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BAADER MEINHOF- s/t 7″ (VC / Hut, UK, 1996)

You know, the music of the 90s more or less steered clear of me. This would be one of the few exceptions: Luke Haines’ short lived BAADER MEINHOF project.
The album (containing another, one-sided 7″) and the 7″ here are simply fantastic. In a telephone interview you can find online, Haines says that the title track came out of nowhere when he was in hospital, heavily on painkillers. It felt like dreaming, he said (remember what I wrote about dreaming and reality in the Negative Approach post?). Vague memories from his childhood somehow arose and were transformed into music and I must say that what he does on the album is absolutely congruent with my own fantasies from the years of terrorism in the 70s: Those disturbing news and pictures on television. The vaguely comprehended and the imagined. Who could tell the one from the other?
I remember us kids playing “Entebbe” on the playground. The big swing there was the airplane and those sitting on it were the kidnapped. Others played the terrorists, with wooden sticks or plastic guns in their tiny hands. An other group was the police, storming the swing, which in fact was a plane, taking out the gangsters, freeing the captives. I frankly don’t remember where my sympathies were, but the terror of the RAF and the «Bewegung 2. Juni» was a very dominant theme back then, even though I don’t believe kids my age understood any of the political background. But the tension was perceptible, the images were everywhere. Spray painted RAF logos, “shemaghs” – «le fond de l’air était rouge», like some said. Maybe it all molded together with exciting music, violent movies and the imponderabilities you are thrown in at that age, when structures generally were harder and punishment of a graver sort was never far.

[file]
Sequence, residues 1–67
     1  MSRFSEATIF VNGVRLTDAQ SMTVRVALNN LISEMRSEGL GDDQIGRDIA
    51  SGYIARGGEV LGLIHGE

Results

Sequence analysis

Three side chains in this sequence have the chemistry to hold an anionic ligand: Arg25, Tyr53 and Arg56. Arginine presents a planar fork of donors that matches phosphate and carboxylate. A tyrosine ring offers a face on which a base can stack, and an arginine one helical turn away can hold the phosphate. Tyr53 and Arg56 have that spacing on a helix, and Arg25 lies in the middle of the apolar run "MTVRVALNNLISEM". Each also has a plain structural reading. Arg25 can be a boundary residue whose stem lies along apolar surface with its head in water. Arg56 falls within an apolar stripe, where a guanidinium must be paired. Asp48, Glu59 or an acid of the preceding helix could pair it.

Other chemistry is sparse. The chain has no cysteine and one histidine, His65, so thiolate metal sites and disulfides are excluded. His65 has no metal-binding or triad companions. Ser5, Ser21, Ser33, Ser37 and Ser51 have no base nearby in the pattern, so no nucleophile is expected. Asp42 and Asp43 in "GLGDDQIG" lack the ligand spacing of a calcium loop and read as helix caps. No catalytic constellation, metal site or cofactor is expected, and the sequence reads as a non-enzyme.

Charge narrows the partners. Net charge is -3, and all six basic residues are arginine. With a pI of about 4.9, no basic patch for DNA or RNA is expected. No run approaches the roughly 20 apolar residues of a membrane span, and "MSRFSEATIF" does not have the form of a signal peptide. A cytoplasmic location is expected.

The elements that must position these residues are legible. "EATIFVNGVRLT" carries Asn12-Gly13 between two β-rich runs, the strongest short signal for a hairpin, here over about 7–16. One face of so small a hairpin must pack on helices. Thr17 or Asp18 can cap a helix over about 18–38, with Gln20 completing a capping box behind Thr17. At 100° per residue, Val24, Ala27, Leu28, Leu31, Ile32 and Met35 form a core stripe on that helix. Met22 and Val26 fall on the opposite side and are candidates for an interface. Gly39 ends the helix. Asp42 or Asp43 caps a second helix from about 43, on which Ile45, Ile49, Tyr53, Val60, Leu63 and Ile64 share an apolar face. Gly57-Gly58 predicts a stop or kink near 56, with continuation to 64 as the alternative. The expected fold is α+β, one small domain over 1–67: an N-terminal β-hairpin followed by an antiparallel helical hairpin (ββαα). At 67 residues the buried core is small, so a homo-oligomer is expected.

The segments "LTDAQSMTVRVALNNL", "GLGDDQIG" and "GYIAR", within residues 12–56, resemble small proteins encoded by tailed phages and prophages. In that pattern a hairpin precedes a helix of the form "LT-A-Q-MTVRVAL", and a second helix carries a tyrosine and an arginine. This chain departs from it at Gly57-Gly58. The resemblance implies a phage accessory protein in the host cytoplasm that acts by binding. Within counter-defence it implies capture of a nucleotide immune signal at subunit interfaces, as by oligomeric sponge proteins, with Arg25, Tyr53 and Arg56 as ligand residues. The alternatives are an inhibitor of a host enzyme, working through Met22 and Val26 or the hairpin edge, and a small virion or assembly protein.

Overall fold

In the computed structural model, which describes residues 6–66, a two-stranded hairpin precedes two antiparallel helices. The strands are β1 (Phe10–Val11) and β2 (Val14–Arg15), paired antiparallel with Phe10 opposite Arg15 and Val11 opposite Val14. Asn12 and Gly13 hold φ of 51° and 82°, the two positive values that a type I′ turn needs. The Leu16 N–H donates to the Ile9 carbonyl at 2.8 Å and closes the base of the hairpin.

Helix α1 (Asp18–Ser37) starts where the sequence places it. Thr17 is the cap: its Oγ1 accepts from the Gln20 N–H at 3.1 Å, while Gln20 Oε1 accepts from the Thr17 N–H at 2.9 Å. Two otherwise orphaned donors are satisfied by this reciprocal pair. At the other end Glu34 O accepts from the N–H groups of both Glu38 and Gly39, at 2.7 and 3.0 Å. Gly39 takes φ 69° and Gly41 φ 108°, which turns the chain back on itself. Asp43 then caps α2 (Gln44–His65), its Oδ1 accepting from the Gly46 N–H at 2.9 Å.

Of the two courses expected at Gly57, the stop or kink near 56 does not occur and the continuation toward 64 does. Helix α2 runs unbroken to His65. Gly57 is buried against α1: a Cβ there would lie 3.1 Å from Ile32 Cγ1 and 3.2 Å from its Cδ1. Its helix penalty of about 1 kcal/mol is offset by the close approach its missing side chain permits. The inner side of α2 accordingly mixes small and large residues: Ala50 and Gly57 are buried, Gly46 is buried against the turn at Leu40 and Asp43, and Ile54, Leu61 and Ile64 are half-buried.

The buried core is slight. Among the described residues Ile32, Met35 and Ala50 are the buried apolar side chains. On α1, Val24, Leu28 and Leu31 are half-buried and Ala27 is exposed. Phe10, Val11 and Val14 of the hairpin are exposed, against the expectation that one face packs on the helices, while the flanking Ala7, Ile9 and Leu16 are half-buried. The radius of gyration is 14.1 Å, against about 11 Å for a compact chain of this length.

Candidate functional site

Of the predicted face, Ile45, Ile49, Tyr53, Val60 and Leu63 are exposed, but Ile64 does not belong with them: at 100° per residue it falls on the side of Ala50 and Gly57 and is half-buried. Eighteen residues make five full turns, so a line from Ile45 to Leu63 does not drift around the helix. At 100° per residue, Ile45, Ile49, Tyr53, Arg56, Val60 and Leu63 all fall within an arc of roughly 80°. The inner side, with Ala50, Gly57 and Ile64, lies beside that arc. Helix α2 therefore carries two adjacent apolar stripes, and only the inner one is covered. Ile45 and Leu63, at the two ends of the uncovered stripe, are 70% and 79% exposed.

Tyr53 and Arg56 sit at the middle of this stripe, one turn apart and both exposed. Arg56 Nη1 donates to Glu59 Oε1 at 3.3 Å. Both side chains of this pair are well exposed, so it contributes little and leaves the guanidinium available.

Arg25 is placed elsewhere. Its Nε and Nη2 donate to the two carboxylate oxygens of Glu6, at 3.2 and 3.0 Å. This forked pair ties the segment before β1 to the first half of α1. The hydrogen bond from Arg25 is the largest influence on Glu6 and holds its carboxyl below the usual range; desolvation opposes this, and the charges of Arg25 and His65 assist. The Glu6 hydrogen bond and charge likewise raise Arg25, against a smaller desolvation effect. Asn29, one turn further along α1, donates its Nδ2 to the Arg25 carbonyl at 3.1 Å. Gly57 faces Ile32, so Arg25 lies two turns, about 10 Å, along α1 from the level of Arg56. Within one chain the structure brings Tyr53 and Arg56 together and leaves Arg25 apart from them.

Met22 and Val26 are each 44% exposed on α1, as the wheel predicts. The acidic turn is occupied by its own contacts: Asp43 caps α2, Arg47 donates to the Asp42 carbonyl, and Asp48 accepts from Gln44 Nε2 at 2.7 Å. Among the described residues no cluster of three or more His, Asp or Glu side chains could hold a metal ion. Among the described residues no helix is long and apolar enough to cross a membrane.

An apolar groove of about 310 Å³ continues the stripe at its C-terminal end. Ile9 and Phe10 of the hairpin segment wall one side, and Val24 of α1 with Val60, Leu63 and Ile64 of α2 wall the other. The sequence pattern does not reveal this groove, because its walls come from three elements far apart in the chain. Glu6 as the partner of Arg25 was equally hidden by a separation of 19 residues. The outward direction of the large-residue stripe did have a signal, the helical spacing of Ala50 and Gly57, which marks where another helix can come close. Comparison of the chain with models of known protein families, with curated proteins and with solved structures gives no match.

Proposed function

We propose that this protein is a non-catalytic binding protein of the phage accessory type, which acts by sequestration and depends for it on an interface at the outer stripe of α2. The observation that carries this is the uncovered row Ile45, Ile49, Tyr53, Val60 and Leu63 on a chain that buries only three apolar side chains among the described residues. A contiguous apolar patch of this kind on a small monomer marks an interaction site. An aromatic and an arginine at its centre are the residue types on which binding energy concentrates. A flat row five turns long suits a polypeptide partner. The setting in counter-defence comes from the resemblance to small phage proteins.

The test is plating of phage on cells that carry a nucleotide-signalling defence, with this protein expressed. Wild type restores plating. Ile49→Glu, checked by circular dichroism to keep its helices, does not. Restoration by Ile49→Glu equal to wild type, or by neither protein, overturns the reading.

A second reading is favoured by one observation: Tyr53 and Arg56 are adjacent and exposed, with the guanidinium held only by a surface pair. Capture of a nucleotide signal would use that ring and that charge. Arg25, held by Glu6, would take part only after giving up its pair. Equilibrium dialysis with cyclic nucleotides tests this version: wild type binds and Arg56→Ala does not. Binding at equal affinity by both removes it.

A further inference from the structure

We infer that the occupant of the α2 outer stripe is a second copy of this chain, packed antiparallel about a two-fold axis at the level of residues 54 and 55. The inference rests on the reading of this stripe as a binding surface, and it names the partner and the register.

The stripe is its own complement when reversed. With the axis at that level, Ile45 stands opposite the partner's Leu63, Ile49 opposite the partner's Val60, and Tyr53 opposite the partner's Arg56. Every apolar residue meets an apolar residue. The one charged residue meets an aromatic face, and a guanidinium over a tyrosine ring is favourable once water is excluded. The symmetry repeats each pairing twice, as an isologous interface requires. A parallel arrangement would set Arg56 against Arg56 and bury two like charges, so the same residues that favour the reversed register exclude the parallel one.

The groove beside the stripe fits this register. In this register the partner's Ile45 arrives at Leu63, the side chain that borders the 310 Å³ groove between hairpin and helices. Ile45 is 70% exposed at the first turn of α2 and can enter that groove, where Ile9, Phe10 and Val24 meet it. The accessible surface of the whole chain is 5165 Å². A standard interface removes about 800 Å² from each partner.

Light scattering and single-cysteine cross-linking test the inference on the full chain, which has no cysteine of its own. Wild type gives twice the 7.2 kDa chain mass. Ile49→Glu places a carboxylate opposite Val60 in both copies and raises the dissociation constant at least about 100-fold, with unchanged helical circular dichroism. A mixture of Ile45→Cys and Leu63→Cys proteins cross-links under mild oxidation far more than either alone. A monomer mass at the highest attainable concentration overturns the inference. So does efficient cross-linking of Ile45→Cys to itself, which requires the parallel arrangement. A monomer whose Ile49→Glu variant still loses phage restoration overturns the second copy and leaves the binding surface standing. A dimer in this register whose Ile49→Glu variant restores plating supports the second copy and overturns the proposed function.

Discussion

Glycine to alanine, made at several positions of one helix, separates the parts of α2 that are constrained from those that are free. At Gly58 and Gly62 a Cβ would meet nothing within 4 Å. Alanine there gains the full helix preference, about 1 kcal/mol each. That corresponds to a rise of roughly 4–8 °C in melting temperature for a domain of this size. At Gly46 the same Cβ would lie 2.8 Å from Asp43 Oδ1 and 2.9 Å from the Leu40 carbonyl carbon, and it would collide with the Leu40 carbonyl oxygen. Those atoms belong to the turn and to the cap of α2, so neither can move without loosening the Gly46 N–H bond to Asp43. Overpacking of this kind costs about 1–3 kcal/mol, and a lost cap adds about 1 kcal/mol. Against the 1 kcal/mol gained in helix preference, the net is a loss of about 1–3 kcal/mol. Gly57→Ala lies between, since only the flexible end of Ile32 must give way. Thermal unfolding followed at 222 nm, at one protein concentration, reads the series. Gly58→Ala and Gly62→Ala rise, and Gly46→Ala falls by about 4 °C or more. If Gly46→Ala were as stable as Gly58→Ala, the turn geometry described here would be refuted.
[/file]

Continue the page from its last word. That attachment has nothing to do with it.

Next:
I saw «Carlos» on DVD last week (the almost 5 hours long director’s cut). Now the movie does have its weak points, but I must say that I found the depiction of the atmosphere incredibly well done, in so many details (one scene, when they shoot a swiss cop while playing “Sonic Reducer” on the car’s stereo, is mind boggling). This made me think of posting something from BAADER MEINHOF. I first did some internet research, but quickly realized that what I found and would find is not what I was looking for. I wanted to have the vibe represented. Not “authenticity” (which is the ultimate dream), but the vibe. Luke Haines, same age as mine, got the vibe, that’s how I see it. So I took the LP, which has the lyrics printed on the innersleeve and was amazed, especially with those impressions from «Carlos» still being fresh. How precise, yet open and imaginative! Here’s the words to “Meet me at the Airport”:

«I met a man, he was a trader
and he did a cargo at 10,000
over Jordan
It’s not for Gods love
It’s not for cocaine,
When you’ve decided – Meet me at the airport

So we talk for hours
and we talk religiously
and he said “could I take out
every woman and child in a border town”
For the right to be governed-
waste them without mercy.
When you’ve decided – Meet me at the airport

Do it for God – do it for Allah
put your faith in Captain Muhmad and Al-Fatah
I met a man – he was a prophet
When you’ve decided….»

Buy the album now. It’s easily available and it’s truly perfect.

This one goes out especially to Tomasso, who’s a ghoul and a genius of (and not so much at) music (just like me).

Baader Meinhof.mp3
Meet me at the Airport.mp3